“That was three months ago.”  I replied.

“I had to get more information before I came to you with this, honey.  I wanted to be able to give you an address and her full name.”  He hesitated at that part, slid his glasses into the front pocket of his white shirt and shook his head again. “She’s been harder to track down than I first thought.”

“Track down?”  I couldn’t seem to catch up.

“She’s been in California for the last six years or so.”

A bitter lump had begun to form inside my chest and I pressed one hand against it, feeling the rapid beat of my heart underneath my cotton blouse.  No, no.  That could not be right.  She was dead.  If what the doctor was saying were true, then that would mean she had left on purpose all those years ago.  That would mean she left to find something better.  That meant that the two beautiful little girls she had given birth to had not meant anything to her.  Nor the husband who had provided her with every comfort he possibly could.

“Your father wanted to tell you everything himself, but he didn’t want his last days with you to be ruined by buried secrets.  He told me to give you this.”  He held out a small book, bound by fine brown leather and wrapped with a black cord of rawhide.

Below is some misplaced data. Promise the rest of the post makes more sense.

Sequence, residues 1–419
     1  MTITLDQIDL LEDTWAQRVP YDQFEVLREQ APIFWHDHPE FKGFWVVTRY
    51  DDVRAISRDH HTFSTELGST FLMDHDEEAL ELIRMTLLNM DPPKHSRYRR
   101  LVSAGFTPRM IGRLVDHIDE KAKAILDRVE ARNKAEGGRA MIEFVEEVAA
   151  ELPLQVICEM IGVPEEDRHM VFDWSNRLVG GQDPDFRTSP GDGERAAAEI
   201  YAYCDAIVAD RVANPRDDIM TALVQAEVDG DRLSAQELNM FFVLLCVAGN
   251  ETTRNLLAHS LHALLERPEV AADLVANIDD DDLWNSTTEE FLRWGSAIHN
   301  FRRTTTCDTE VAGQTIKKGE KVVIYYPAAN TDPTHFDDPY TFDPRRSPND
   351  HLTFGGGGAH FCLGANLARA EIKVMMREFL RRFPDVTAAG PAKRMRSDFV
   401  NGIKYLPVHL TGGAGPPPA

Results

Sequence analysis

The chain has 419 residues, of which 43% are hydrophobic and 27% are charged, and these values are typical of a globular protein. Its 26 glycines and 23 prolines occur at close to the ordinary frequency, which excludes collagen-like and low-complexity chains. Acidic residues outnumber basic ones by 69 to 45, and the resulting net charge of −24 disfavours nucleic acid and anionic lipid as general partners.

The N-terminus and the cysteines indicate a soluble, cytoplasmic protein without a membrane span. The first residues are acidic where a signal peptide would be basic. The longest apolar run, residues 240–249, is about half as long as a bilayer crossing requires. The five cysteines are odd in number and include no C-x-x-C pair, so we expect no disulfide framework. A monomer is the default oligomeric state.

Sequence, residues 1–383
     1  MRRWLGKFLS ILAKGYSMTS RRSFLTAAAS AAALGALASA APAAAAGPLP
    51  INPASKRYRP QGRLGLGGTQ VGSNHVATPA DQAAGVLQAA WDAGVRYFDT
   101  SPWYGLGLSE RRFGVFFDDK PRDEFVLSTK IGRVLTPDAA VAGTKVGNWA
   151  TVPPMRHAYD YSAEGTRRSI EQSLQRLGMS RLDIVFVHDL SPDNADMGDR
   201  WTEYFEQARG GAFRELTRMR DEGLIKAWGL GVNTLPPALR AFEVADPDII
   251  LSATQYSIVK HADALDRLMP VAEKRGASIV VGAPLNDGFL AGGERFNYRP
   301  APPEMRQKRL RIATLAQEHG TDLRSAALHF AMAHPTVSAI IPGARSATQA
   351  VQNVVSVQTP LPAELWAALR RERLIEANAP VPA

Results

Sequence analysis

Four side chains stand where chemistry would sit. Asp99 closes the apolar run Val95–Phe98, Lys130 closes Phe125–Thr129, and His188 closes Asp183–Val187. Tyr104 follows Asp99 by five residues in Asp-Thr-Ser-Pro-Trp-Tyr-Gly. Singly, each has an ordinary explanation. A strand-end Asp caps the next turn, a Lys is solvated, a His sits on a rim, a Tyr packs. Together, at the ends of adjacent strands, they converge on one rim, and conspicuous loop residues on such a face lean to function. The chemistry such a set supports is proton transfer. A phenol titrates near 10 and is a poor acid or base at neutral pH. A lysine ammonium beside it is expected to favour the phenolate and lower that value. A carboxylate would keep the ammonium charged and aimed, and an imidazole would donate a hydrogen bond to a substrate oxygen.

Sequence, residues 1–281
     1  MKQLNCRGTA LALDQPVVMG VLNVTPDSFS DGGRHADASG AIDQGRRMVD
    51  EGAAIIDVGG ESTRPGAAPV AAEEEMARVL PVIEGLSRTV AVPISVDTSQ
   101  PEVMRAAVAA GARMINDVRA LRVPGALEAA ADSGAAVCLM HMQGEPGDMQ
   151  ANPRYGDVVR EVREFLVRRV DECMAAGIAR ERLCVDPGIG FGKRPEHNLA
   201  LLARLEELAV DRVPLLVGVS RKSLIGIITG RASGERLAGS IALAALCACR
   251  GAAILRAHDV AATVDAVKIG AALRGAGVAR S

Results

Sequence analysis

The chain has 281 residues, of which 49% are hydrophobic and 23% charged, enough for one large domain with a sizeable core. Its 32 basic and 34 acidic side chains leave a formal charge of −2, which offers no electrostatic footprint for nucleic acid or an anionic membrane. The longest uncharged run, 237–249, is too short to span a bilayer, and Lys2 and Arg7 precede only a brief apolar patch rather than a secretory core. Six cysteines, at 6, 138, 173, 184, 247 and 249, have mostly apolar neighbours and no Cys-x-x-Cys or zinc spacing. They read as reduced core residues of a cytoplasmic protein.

I did not take it.  After a long silence, he put the book on the table next to me and rose from his seat.

“I’m real sorry, Sarah.”

I heard the front screen door open and close again with a squeak and then his footsteps treading across the front porch and down the stairs.  The engine of his battered Pontiac roared to life.  I concentrated on the steady ticking of my father’s old wind-up clock that sat on the stone mantle of the fireplace.  Tick, tock.  Tick, tock.

A resounding crash and the splintering of glass from the kitchen startled me, pulling me back to the present with a wrenching clarity.  I heard Nelly’s quiet curse of frustration and then. “Sarah!  I need a little help here.”